The Momenta court acknowledged that some activities could be outside the scope of the safe harbor, but it was not because they were post-approval.
Rader provided a detailed review of the legislative history, since he had been an active participant as a member of the staff of Sen. Orrin G. Hatch’s (R-Utah) at the time the Hatch-Waxman Act was being approved. Rader said that the safe harbor should only apply to very specific acts and applied only to experimentation performed for pre-marketing approval and not for commercial activities.
Government Says Momenta Cabined Error
The high court called for the views of the solicitor general June 25.
“The court of appeals erred in stating that Section 271(e)(1)’s safe harbor encompasses only activities undertaken to obtain the FDA’s pre-marketing approval of generic products,” according to the brief filed by Solicitor General Donald B. Verrilli Jr. “Congress not only contemplated that drug manufacturers would conduct post-approval scientific studies and clinical trials, but specifically authorized the FDA to require such studies in a variety of circumstances.”
“Nevertheless, there is no longer any practical need for this court’s intervention in light of the Federal Circuit’s subsequent decision in Momenta,” Verrilli said.
The brief acknowledged Rader’s recap of the legislative history, but characterized as “true but unsurprising” his statement that the record was “replete with statements that the legislation concerns premarketing approval of generic drugs.”
The Hatch-Waxman debate was certainly focused on pre-marketing activities so as to facilitate generic drugs’ market entry, Verrilli said, but that does not mean the safe harbor was strictly confined to those activities. Quoting from another case on Section 271(e), Eli Lilly & Co. v. Medtronic Inc., 496 U.S. 661, 669 n. 2, 15 U.S.P.Q.2d 1121 (1990), he said, “[i]t is not the law that a statute can have no effects which are not explicitly mentioned in its legislative history.”
The brief then made some distinctions as to post-approval activity that would fall under the safe harbor. “[A] researcher’s use of a patented invention in conducting an experiment reasonably related to the development and submission of information to the FDA is protected by Section 271(e)(1), even if that experiment also advances other commercial objectives, such as product development,” the government said.
But the alleged infringer could be simultaneously selling a drug commercially while participating in a controlled study, the brief noted, such that one activity would be infringing while the other would not.
But Alleged Infringers May Still Be Liable
The immunization studies in the instant case were conducted by the Centers for Disease Control and Prevention and the alleged infringers were invited to participate. However, the researchers were interested in receiving vaccination records and medical histories of children after the fact. That is, the companies had already delivered and health care professionals had already administered the vaccines.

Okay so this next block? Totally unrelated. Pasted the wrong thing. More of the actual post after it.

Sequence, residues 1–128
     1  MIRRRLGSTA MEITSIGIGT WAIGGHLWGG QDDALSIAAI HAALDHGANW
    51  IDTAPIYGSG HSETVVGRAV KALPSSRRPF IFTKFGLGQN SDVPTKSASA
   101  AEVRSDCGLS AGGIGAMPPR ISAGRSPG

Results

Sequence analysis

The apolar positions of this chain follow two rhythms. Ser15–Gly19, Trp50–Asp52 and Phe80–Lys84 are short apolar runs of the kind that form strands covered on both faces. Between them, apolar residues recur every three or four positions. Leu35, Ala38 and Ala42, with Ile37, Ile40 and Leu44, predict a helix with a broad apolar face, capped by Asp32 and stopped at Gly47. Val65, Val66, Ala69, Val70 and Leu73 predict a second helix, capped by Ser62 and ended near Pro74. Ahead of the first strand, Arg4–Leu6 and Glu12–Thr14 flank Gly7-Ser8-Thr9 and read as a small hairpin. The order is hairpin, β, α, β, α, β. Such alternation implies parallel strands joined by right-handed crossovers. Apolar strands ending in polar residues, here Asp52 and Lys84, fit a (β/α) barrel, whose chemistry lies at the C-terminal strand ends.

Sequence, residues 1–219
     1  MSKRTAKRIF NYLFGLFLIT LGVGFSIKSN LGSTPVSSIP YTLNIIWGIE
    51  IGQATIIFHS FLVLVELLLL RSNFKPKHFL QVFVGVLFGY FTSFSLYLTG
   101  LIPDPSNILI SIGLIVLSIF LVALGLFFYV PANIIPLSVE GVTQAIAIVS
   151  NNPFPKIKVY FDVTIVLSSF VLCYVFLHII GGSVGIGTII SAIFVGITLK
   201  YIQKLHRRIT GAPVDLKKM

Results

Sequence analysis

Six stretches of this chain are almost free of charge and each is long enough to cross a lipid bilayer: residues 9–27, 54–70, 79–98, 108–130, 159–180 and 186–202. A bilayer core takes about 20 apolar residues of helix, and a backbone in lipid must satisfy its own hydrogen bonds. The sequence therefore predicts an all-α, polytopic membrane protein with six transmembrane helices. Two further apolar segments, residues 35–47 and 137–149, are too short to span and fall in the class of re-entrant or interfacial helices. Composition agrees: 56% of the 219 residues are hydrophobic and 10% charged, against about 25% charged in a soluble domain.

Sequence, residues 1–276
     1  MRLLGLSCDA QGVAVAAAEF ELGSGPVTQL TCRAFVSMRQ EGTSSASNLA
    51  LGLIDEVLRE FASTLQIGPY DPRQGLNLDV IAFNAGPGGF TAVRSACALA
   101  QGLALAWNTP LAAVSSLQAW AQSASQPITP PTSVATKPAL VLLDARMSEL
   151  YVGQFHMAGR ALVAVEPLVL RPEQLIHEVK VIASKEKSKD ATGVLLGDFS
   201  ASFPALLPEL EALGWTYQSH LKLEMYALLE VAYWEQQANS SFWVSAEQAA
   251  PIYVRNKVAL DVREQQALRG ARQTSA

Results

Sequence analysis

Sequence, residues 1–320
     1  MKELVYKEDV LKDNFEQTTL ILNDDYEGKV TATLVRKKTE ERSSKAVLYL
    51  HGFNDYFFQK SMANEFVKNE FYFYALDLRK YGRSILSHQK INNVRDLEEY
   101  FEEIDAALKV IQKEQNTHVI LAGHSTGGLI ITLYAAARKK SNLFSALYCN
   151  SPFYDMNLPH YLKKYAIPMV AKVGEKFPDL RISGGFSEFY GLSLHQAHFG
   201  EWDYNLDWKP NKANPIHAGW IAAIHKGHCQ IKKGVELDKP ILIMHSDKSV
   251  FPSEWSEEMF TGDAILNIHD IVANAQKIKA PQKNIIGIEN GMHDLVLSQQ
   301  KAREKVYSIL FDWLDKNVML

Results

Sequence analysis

The ’283 patent claims that the Federal Court earlier held not to be patent eligible ended with a step of reviewing and comparing information on the effects of different immunization schedules. But the patent-eligible claims of the ’739 and ’139 patents, according to the solicitor general, could be infringed by the immunization of a patient.
Consequently, the government said, the companies’ allegedly infringing acts were performed prior to their participation in the CDC study. Classen’s allegation, according to the brief, “which asserts that petitioner infringed the patented methods in the routine conduct of its business, does not implicate Section 271(e)(1).”
The brief concluded, “This case therefore would not provide the court with the opportunity to interpret Section 271(e)(1) against the backdrop of a genuine claim of entitlement to the protection of the statutory safe harbor.”
Carter G. Phillips of Sidley Austin, Washington, D.C., represents GSK. Joseph J. Zito of Washington, D.C., represents Classen. Harry J. Roper of Jenner & Block, Chicago, filed an amicus brief on behalf of the Pharmaceutical Research and Manufacturers of America.
By Tony Dutra
Text is available at http://about.bloomberglaw.com/files/2013/01/12Dec13.pdf.
For more detail on the issue, see “Patent Infringement After FDA Approval: New Developments” and “Webinar Discusses Split in Federal Circuit: Hatch-Waxman Safe Harbor a ‘Safe Ocean’?”